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Travel Safety. By Our Student Pharmacist, Steve McVey.


Summer vacation and travel are here!

The summer months can be very relaxing and fun, but travel can be stressful and bring with it unexpected issues. One thing that can make travel even more stressful is having to manage your medications away from home. It is important to know if there are any restrictions on traveling with your medications, how to store them while traveling, and how to take them if you are traveling outside your normal time zone. If you plan to fly, make sure you check the Transportation Security Administration (TSA) website ahead of time to know what the rules are about traveling with your medications (you can search “medications”).

Several helpful tips include:

  • Carry a letter from your physician that includes medical conditions and medications you are taking. Include your physician’s and pharmacy’s phone numbers.
  • Keep your medications with you in your carry-on.
  • Keep your medications in the original, labeled prescription containers if possible.
  • Tell the screener that you have your medications in your bag and alert them if you have diabetic testing supplies with you.
  • These rules can change so always be sure to check before you travel.


If you are planning to drive, ask your pharmacist about any special storage instructions for your medications. You may need to use cold packs and coolers for refrigerated medications. Plan ahead so you don’t run out of medication. Let your pharmacy know 1-2 weeks ahead of your travel plans. This will allow them time to work through any potential issues in getting your medication or working with your insurance. Your pharmacist can also instruct you on how to take your medications in a different time zone.

If you plan on driving, make sure your vehicle is in good repair. Have a mechanic do a checkup to screen for potential safety issues. Educate yourself on roadside repair and know what to do/who to contact should you have issues you cannot resolve. Map out your refueling plan to keep from running out of gas. If you are traveling to other states, you may want to familiarize yourself with any unique traffic laws.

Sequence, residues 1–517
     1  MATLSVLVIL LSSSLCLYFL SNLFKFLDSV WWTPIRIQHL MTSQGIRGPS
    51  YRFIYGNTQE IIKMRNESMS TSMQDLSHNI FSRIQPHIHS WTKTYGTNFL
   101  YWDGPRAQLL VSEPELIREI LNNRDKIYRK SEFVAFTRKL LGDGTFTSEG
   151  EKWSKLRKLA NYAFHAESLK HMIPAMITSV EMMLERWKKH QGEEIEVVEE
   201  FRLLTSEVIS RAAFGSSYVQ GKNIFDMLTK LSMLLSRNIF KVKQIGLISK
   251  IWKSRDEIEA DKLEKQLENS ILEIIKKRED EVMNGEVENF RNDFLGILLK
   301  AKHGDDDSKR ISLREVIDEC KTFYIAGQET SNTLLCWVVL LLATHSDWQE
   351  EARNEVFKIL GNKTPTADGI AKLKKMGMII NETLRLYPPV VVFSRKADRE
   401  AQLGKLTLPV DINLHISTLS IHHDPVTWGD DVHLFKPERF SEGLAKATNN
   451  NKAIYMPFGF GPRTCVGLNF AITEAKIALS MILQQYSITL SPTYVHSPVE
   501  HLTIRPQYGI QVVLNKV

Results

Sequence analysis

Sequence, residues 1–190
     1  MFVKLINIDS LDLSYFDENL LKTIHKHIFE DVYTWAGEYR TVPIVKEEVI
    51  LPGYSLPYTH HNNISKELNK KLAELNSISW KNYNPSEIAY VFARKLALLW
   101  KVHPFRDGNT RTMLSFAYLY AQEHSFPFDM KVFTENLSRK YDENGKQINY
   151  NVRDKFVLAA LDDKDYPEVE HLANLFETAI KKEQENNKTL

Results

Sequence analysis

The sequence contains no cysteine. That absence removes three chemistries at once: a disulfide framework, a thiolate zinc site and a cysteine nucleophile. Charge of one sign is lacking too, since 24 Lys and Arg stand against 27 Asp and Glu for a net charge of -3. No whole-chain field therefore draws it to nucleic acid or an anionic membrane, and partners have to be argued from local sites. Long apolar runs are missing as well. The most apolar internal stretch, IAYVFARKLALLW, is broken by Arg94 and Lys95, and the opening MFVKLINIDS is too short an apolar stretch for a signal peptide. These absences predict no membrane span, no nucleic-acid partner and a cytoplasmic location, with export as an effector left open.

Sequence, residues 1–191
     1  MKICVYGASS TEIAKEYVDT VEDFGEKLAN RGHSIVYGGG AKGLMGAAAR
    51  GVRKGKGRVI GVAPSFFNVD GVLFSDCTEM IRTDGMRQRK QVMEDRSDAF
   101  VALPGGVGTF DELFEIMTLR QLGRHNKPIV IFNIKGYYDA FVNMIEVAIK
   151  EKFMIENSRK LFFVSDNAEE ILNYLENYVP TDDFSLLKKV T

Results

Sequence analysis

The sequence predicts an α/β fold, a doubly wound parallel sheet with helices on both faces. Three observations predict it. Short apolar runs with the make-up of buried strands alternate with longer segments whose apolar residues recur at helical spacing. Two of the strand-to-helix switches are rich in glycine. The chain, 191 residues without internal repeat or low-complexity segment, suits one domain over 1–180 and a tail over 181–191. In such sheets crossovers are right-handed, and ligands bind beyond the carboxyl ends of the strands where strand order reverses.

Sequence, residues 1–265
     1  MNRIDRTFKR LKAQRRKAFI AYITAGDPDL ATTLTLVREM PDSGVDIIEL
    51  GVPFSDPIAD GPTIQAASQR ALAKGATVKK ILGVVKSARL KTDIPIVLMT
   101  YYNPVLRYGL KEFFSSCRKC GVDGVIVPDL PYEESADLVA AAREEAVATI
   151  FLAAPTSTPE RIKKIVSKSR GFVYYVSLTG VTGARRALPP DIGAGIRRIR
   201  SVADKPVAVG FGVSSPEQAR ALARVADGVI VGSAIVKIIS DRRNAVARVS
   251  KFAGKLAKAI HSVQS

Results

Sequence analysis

Study up and educate yourself about your travel destination. Learn what services are available and where to find them. Inquire about any special weather conditions or other unexpected or unique occurrences (i.e. traveling to a location where flash flooding is a possibility, local events that may impact your travel plans, etc.). You may also want to learn about the local culture. Educating yourself will enrich your experiences and keep you safe and healthy during your stay.


International travel presents a host of other considerations you should review prior to travel. Schedule a visit with your physician about 4-6 weeks in advance to make sure you are healthy and able to travel. Discuss with your physician or pharmacist what immunizations you may need while traveling to that area. Some needed vaccinations may be unexpected, like the current resurgence of measles.

According to the World Health Organization (WHO), in the first two months of 2019 there were over 34,000 confirmed cases of measles in 42 countries in the WHO European region.

You can learn more about staying safe and healthy while traveling at this CDC website.

A few helpful tips about international travel also include:

  • Wash your hands frequently and before eating, drinking, or touching your face. If soap and water are not available, use an alcohol based hand sanitizer.
  • Avoid tap water and other sources of unpurified water (i.e. ice, fountain drinks, etc.). Instead choose bottled products or heated drinks.
  • Be careful of what you eat. Avoid street vendors and never eat undercooked meat or vegetables. Avoid raw fruits and veggies unless you can peel them before eating.
  • Protect yourself from bug bites, animal bites, and sunburn.

Vacations and travel can provide needed rest and relaxation, as well as many great memories. Prepare for your travels well ahead of time to minimize stress and keep yourself healthy as you have fun.


  1. Transportation Security Administration. Department of Homeland Security. https://www.tsa.gov/. Accessed June 27, 2019.
  2. Travel and Your Medicines. Pharmacist Letter. Therapeutic Research Center. https://pharmacist.therapeuticresearch.com/Content/Segments/PRL/2016/Jul/Travel-and-Your-Medicines-9921. Published June 2016. Accessed June 27, 2019.
  3. Staying Healthy While Abroad. Pharmacist Letter. Therapeutic Research Center. https://pharmacist.therapeuticresearch.com/Content/Segments/PRL/2013/May/Staying-Healthy-While-Abroad-5575. Published April 2013. Accessed June 27, 2019.
  4. Traveler’s Health. Centers for Disease Control and Prevention. https://wwwnc.cdc.gov/travel. Accessed June 27, 2019.
  5. Measles- European Region. World Health Organization. https://www.who.int/csr/don/06-may-2019-measles-euro/en/. Updated May 6, 2019. Accessed June 27, 2019.

Photo Sources:

  1. Plane: https://www.inc.com/bill-murphy-jr/best-travel-tips-2018-21-things-experienced-business-travelers-say-to-do-when-you-hit-road.html
  2. Photography/Mountain: https://www.outsideonline.com/2393413/what-to-know-when-traveling-alone
  3. Car: https://backroadramblers.com/how-to-pack-a-small-car-for-a-big-trip/

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